Developers in Newark may soon be required to chip in to help pay for their projects’ impact on the city.
After years of informally discussing the idea, city council directed staff to begin developing impact fees for development projects.
Developers already pay permit fees and are required to fund any direct expenses related to their projects, such as the cost of installing water pipes at the site. Impact fees, however, are intended to help pay for the cost of the project’s broader impact on the city’s infrastructure and services.
“An impact fee is essentially a community ‘buy-in’ fee for new residents and businesses. In order to build a new home or business, developers and builders are assessed a fee to add or expand the public capital facilities or services that their new homes and businesses will need,” Planning Director Mary Ellen Gray explained Monday.
Gray said city staffers have been discussing impact fees internally for several months and plan to hire a consultant to help finalize the details.
“Impact fees must have a rational nexus to the project whereby there must be a reasonable connection between the need for additional facilities and benefit received,” Gray said. “Also, impact fees must be based on a fair share formula whereby similar projects in similar locations should pay similar fees and must be assessed to uses in a proportionate or fair share manner relative to their demand for, or impact on public facilities.”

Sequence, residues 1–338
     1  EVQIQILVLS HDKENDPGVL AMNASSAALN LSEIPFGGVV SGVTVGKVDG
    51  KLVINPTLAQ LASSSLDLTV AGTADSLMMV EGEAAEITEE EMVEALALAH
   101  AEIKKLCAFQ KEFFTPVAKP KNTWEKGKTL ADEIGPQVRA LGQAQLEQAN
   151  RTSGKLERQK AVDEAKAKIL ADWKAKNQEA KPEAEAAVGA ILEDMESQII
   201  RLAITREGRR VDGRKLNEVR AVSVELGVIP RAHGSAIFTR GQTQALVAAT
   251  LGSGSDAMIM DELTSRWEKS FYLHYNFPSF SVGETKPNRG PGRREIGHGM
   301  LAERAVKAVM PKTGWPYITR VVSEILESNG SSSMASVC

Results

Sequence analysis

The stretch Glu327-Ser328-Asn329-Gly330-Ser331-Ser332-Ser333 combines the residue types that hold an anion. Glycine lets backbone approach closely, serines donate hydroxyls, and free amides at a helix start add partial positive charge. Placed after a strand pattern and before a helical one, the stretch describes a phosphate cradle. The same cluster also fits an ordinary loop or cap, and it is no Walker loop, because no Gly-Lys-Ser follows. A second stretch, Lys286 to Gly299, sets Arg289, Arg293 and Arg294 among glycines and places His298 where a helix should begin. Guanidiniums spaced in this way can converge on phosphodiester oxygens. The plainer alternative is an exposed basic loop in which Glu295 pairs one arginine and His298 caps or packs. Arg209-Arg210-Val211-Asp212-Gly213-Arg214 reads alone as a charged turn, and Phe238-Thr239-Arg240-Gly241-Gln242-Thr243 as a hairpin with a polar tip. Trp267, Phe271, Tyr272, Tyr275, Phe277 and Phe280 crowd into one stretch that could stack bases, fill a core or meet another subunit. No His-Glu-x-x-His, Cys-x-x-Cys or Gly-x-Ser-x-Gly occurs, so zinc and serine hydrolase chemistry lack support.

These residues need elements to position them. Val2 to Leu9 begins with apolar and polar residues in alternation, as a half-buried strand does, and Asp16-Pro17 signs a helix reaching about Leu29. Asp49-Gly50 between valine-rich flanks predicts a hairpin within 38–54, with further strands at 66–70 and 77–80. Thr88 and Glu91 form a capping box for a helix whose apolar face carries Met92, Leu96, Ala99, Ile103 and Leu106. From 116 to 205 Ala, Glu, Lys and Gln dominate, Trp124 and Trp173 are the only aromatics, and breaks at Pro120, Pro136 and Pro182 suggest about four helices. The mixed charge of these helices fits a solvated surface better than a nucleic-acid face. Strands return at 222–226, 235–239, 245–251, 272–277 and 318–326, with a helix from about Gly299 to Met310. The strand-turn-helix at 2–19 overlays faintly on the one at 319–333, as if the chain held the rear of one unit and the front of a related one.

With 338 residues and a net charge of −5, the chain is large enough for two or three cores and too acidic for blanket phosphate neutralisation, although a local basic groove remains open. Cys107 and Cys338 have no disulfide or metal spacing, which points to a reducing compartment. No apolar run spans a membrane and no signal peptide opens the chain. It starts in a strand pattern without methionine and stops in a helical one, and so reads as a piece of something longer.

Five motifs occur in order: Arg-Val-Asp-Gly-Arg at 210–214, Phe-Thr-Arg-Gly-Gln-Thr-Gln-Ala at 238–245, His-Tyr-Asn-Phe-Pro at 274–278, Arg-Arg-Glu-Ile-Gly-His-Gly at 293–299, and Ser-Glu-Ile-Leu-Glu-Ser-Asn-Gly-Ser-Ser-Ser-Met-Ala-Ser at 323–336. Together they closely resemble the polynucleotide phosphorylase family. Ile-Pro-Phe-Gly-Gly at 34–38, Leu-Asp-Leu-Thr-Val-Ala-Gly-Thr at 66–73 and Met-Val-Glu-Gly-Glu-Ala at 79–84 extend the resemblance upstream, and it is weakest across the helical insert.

Council is expected to vote on an ordinance establishing the impact fees early next year.
The city will focus on water and sewer impact fees first. After that, it could develop impact fees for electric service, parks and recreation, fire service and police protection.
The fees will affect University of Delaware construction as well as private development, Public Works Director Tim Filasky said. He declined to estimate how much the fees might be but said they will likely be less than New Castle County charges.
Councilman Chris Hamilton noted that he and others have been calling for impact fees for several years.
“Sometimes the wheels turn slowly, but they get there eventually,” Hamilton said. “I appreciate this impact fee, because we do have people that have been here a long time. When we keep adding things, it puts stresses on our system, and those stresses need to be paid for. I think it’s fair, and I think it’s necessary.”
Councilman James Horning Jr. concurred.
“What we’re addressing here is what I hear from a lot of residents – that in terms of infrastructure, development comes in and takes advantage of what has been maintained for so long, but doesn’t really pay in,” Horning said.